On appeal, the plaintiffs again argued that New York State’s requirement for all students to be vaccinated in order to attend public school was unconstitutional. The lawyer for the plaintiffs tried to distinguish these facts, arguing that in 1905 the Supreme Court could not have anticipated that school children would be subjected to so many vaccines. The plaintiffs were unsuccessful on appeal, as the 2nd Circuit held that there was no substantive due process violation because vaccinations were within the state’s police power insofar as they are in the interest of the general population. Also, according to the court, temporarily excluding students who did not have the chicken pox vaccine during an outbreak did not violate the Free Exercise Clause because the right to practice religion does not include the liberty to expose the community or the child to disease.
Suzanne E. Eckes, JD, PhD, a professor at Indiana University, has been widely published on school legal matters. Charles J. Russo, JD, EdD, is the Panzer Chair in Education and an adjunct professor of law at the University of Dayton in Ohio.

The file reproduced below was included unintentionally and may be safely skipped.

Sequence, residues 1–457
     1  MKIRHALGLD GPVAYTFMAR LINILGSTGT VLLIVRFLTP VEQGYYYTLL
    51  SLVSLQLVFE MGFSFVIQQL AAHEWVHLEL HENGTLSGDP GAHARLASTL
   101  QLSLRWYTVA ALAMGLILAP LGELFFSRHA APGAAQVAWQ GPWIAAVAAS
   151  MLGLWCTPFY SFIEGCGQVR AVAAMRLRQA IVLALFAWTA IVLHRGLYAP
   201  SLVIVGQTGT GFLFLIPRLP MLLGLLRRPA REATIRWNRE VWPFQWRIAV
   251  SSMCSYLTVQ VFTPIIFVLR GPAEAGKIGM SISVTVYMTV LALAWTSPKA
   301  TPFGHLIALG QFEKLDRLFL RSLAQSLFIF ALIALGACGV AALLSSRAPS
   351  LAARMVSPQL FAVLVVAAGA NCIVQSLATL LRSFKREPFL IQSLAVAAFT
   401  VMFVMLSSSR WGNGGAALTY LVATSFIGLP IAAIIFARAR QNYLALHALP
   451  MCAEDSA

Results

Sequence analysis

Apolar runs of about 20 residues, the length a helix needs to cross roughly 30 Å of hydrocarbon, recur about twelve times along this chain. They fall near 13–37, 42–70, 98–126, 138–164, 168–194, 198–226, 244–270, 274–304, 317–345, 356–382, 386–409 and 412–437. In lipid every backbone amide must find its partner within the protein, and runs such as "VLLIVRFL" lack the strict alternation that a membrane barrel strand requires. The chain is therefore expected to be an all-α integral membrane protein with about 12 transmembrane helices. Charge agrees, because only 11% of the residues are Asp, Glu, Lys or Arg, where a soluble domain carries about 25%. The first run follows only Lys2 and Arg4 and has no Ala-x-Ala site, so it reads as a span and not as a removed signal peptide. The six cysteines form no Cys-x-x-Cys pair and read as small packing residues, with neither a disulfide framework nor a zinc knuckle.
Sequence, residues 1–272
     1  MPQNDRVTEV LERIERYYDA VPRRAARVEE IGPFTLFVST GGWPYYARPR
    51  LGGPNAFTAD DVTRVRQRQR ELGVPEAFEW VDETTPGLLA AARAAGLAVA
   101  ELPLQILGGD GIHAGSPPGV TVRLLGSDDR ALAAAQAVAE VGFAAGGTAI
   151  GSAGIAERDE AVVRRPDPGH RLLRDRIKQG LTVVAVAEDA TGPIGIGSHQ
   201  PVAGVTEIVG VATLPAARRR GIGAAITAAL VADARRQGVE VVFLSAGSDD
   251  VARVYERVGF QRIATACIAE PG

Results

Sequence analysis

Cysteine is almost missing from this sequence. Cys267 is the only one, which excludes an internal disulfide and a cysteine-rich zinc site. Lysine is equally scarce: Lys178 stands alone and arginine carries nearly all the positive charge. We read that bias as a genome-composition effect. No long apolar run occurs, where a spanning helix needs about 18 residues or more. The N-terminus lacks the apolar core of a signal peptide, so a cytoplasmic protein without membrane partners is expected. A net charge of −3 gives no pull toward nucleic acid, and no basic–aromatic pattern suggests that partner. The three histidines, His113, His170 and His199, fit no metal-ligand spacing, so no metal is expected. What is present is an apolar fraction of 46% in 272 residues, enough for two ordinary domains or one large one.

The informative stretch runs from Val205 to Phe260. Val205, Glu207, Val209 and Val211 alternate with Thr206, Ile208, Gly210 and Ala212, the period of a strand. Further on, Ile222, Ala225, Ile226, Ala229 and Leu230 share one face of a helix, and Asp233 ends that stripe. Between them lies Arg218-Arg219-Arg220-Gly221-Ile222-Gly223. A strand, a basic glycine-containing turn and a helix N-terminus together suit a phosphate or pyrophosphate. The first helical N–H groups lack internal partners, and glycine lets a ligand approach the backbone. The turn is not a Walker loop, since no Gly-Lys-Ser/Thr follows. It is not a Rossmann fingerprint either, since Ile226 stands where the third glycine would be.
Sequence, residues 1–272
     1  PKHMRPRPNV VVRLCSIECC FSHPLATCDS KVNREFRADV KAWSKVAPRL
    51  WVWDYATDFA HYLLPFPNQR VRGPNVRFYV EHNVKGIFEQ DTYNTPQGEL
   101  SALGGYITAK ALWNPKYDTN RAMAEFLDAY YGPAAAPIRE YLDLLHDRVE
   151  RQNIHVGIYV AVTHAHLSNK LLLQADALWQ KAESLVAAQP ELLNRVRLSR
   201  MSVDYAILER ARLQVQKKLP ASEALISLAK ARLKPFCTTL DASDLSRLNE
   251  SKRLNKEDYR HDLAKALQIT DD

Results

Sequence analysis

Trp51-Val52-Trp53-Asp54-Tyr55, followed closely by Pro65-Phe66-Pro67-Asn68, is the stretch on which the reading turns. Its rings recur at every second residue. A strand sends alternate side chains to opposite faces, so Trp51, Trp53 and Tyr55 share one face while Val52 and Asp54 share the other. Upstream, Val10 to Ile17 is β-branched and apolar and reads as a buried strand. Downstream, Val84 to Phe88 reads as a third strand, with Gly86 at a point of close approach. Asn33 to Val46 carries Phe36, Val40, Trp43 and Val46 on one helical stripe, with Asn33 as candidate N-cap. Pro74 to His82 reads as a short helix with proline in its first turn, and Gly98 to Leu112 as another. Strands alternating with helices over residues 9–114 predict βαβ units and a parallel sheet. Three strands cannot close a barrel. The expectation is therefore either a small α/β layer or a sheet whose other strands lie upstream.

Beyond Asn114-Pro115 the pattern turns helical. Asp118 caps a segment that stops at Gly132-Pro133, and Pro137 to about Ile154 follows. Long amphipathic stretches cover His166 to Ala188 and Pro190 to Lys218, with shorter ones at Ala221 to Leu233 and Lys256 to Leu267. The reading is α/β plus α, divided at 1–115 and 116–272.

Sidebar: Recommendations for School Officials
- Know vaccination laws in your jurisdiction and disseminate this information to parents.
- Provide annual professional development to teachers and staff about the need for vaccinations.
- Offer an information night for parents to highlight the importance of vaccinations.
- Post both the board’s policy and the immunization rate of the student body on the district’s website and in teacher, student, and parent handbooks.
- Review policies annually to ensure they comply with currents federal and local laws.
It should be noted that the case from the 2nd Circuit is binding precedent only in Connecticut, New York, and Vermont. However, the 4th Circuit (Maryland, North Carolina, South Carolina, Virginia, and West Virginia) and other federal courts have ruled in similar ways.